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Monday, November 20, 2006

Posner Slams IRS's "Pathetic" Position in Mexican Debt-Equity Swap Case

Judge Posner has some harsh words about the Service's position in a panel opinion issued today, Kohler Co. v. United States, No. 05-4472 (7th Cir. 11/20/06):

In 1986, Kohler decided to build a plant in Mexico that it estimated would cost at least $29 million. It needed pesos in order to pay for land, building contractors, and other inputs. How to get them?

Now it happened that Mexico had defaulted on its foreign debt, and in an effort to restore its credit had adopted an ingenious “debt-equity swap” program (pioneered by Chile). The program entitled a foreign company that wanted to invest in Mexico, and therefore needed pesos, to purchase defaulted Mexican dollardenominated debt on the open market and then swap it with the Mexican government for pesos that could be spent only in Mexico rather than exchanged for dollars....

Bankers Trust, the American bank, owned Mexican debt in the face amount of $22.4 million. This debt traded at a substantial discount because of Mexico’s default, fiscal instability, and general lack of creditworthiness. As a result, Kohler was able to buy the debt from Bankers Trust for only $11.1 million, slightly less than half its par (face) value. The bank preferred the bird in the hand (11.1 million U.S. dollars) to two birds, consisting of claims against the Mexican government, very deep in the bush.

Kohler knew that under the terms of the debt-equity swap program the Mexican government would swap the $11.1 million debt that Kohler had bought from Bankers Trust for $19.5 million worth of pesos as calculated at the then current market exchange rate of 2245 pesos to the dollar....

On its federal income tax return it treated the purchase of the debt and its sale to the Mexican government as a wash, yielding no taxable income, just as if the government had paid it $11.1 million in dollars rather than paying it in pesos. The Internal Revenue Service disagreed with this treatment and instead added to Kohler’s taxable income for 1987, the year of the transaction, the difference of $8.4 million between the price that Kohler had paid Bankers Trust for the Mexican debt and $19.5 million....

The parties quarrel only over the value to Kohler of the exchange when made. The quarrel has driven them to take opposite positions, both untenable. Kohler argues that it had no gain from the sale at all, while the Internal Revenue Service argues that the entire difference between the $19.5 million in pesos that the Mexican government gave Kohler and the $11.1 million that Kohler had paid to buy the debt that it swapped for the pesos was taxable income to Kohler....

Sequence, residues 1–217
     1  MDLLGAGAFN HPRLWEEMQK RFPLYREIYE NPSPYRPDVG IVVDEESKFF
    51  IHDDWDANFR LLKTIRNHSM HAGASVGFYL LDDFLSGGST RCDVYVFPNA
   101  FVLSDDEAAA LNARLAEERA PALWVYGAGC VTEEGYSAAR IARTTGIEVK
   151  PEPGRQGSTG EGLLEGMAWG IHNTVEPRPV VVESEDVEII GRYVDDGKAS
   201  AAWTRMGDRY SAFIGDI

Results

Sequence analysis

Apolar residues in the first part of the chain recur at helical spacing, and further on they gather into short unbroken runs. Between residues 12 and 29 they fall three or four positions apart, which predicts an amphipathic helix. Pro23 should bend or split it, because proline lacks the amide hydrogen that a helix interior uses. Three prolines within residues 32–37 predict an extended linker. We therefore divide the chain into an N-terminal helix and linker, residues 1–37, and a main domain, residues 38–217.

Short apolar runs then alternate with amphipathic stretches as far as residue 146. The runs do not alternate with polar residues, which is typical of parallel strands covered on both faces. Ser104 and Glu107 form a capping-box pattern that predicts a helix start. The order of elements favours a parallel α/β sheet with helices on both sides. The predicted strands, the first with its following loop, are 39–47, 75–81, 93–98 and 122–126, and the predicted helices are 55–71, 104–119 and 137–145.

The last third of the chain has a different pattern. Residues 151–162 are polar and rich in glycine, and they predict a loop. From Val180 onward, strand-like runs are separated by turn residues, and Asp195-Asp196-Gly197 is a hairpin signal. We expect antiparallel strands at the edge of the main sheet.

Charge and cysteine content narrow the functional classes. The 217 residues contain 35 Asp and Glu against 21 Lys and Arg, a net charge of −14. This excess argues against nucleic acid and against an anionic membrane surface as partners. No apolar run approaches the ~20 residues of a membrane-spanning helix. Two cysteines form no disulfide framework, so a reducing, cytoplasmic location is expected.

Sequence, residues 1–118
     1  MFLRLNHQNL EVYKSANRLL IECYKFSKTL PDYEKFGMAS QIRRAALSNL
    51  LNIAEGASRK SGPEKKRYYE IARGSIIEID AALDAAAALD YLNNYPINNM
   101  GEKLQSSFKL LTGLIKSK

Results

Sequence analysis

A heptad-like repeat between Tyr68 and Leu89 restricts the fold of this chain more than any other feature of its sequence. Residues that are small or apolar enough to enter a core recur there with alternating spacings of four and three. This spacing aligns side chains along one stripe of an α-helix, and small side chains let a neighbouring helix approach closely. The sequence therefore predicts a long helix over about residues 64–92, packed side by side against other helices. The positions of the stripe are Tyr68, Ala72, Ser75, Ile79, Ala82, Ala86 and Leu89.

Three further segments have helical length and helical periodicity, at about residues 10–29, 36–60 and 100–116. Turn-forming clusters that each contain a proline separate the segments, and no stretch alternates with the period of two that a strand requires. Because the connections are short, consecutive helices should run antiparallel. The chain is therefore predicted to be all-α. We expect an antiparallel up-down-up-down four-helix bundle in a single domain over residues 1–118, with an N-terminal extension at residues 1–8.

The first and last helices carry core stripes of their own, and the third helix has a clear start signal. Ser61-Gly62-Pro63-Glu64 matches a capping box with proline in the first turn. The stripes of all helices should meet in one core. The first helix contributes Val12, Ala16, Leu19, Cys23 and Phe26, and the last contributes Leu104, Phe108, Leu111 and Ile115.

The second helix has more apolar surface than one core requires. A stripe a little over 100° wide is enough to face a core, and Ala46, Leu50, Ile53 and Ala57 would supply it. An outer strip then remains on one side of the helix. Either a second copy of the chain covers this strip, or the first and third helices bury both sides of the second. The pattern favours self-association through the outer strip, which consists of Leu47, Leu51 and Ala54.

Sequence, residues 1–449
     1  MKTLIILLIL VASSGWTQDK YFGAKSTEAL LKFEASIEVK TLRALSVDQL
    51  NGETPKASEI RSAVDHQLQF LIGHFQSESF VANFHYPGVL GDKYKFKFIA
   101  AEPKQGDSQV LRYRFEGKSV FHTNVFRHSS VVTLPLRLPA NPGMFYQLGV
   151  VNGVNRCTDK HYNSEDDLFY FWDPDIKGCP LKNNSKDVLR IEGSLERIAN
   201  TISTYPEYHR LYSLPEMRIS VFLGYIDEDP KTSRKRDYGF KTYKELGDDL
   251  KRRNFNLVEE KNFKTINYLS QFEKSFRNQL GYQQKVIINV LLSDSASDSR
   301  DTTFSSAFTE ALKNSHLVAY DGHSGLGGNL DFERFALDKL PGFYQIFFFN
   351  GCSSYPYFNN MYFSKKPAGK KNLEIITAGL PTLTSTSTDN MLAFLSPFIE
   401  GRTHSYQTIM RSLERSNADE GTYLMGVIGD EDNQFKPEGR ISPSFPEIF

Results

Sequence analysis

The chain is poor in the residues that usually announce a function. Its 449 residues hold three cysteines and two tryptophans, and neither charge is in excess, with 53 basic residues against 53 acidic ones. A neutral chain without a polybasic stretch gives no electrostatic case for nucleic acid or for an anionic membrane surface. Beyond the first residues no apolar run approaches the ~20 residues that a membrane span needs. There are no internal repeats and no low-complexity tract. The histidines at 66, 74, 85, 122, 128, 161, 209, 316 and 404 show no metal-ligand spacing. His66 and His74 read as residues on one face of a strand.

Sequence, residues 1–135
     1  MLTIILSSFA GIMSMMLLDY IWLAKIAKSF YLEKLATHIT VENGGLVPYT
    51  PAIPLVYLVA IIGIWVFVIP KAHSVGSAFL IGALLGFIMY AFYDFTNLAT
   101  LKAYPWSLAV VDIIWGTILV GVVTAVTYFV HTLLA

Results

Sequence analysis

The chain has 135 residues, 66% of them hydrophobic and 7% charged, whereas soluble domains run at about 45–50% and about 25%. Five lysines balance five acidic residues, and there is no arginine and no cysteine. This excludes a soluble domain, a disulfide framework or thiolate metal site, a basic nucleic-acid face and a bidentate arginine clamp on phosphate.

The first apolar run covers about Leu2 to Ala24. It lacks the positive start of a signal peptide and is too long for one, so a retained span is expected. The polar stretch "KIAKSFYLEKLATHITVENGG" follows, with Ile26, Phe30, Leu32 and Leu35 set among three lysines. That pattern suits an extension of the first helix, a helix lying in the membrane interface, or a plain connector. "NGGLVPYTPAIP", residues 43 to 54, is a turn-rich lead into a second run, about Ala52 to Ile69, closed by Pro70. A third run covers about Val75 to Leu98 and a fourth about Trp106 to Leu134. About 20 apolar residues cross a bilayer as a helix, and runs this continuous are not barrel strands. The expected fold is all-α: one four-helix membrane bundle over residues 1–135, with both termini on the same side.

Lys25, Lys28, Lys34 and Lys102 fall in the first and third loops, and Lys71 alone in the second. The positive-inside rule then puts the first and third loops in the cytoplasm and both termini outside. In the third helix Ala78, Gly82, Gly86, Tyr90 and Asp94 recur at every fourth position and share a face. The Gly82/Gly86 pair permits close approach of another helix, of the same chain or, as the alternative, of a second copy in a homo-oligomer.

How to choose between adversaries’ valuations when both are manifestly erroneous? The conventional response would be that the party with the burden of proof (in the sense of the burden of persuasion) would lose. And that is Kohler ....

But Kohler argues that it needs no evidence, citing United States v. Davis, 370 U.S. 65 (1962), a superficially similar case won by the taxpayer....

The problem in our case is different. It is what to do when the value of the property exchanged may well be ascertainable but has not been ascertained. To permit the Internal Revenue Service to place an arbitrary value on difficult-to-value property obtained in a transaction and require the taxpayer to prove that it was worth less—and exactly how much less—would place an unreasonable burden on taxpayers....

We think the Internal Revenue Service had either to prove against all probabilities that its assessment was correct or pick a number that was prima facie plausible—a number somewhere in between $11.1 million and $19.5 million. Its effort, by means of an expert witness, to prove that the pesos were indeed worth $19.5 million fell pathetically short of the mark....

The same thing can be worth more to one person (Kohler) than to another (Bankers Trust); that is the basis of market transactions. To a holder of Mexican debt that had no use for pesos, the debt was worth only half its face amount; to someone like Kohler who needed a great many pesos, the debt was worth more. How much more? Not $8.4 million more; and we have said that before a taxpayer can be required to disprove an extravagant evaluation the Internal Revenue Service must present some evidence to support it. The Service presented no evidence that could have persuaded a rational factfinder that the pesos Kohler got from the Mexican government in exchange for the debt it surrendered were worth $19.5 million. The Service could have justified a more modest estimate yet one well above $11.1 million, but clinging stubbornly to its untenable valuation it suggested no alternative to $19.5 million. It played all or nothing, lost all, so gets nothing.

(Hat tip:  Howard Bashman.)

Update:  David Lat calls this Benchslapped: Judge Posner Gets Medieval on the IRS.

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"The Service could have justified a more modest estimate yet one well above $11.1 million, but clinging stubbornly to its untenable valuation it suggested no alternative to $19.5 million. It played all or nothing, lost all, so gets nothing."


Posted by: andy | Nov 20, 2006 4:07:05 PM

With regards to IRS performance in this case, you get what you pay for. If you want better IRS lawyers, pay for better lawyers.

Posted by: JLR | Nov 21, 2006 9:52:55 AM